Currently the Law Commission is conducting a review of the regulatory framework for the sale and supply of liquor. Today it produced the first report from this review - a study on Alcohol Legislation and the Conscience Vote [PDF], laying into political parties for producing "incoherent" alcohol policy by leaving it to "the unpredictable whim of the chamber".
It's an interesting study, and it makes some good points about the history, sociology, politics and effects of the use of conscience votes. Conscience votes are unpredictable, they sometimes lead to messy policy, and they are usually a sign of political cowardice on the part of the party. But at the end of the day, that is ultimately their decision to make. What policies a party adopts, how it adopts them, and whether it has a policy position on a subject at all are matters solely for that party (and ultimately for the electorate who will judge them on it). They are no business of sniffy unelected technocrats with their own policy barrow to push. And in the end, even the Law Commission accepts this, saying in its recommendations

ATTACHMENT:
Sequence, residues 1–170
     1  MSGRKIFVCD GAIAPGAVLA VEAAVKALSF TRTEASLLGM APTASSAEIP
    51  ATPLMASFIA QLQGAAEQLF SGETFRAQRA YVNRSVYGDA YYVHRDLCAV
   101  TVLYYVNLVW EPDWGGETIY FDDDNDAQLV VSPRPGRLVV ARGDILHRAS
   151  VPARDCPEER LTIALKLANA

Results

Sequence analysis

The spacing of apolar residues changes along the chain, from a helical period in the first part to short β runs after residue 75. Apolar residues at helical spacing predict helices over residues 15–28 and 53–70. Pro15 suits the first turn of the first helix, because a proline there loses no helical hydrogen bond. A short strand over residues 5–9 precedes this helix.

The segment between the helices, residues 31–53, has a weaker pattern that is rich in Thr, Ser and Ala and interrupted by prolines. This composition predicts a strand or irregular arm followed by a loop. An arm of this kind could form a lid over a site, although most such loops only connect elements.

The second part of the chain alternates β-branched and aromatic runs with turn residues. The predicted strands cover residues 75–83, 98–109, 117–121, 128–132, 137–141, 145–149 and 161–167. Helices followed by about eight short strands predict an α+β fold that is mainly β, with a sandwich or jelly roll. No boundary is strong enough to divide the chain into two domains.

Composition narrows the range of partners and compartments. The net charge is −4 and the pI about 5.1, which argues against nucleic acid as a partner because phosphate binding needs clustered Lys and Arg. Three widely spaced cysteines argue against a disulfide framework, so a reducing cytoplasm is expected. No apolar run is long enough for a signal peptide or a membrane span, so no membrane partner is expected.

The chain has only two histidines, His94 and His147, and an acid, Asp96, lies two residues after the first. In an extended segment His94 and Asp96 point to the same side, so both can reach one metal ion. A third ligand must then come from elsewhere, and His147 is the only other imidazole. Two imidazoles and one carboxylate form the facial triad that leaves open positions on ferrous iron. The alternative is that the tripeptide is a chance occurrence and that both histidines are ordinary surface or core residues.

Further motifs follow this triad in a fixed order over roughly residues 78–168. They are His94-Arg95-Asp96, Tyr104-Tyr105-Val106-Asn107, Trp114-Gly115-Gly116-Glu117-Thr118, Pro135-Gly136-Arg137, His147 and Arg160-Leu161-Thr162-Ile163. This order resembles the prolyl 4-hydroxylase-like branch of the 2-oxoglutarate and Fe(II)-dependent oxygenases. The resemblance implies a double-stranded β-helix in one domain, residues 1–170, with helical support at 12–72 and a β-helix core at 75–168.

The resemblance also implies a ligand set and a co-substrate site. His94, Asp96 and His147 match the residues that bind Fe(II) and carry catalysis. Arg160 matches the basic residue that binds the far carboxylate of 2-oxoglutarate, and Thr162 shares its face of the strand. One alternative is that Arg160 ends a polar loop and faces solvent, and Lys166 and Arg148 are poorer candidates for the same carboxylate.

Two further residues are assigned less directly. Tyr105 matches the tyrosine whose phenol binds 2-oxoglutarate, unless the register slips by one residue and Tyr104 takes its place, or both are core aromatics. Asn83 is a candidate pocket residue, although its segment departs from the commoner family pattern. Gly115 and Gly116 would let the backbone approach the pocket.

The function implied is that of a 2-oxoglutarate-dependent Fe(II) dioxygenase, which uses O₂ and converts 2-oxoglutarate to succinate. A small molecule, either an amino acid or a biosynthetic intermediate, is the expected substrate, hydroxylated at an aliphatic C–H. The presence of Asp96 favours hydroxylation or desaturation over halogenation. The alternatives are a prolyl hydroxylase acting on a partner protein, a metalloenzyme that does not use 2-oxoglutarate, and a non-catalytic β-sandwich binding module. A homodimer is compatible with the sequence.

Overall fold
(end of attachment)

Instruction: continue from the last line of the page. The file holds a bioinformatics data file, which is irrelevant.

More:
The use of the conscience vote is not a matter for the Executive Government and therefore the Law Commission makes no recommendations to it.The Law Commission has exceeded its brief here, and grossly overstepped their bounds. They should apologise to Parliament, and to us, for misusing public money to try and manipulate our political process and undermine our democracy.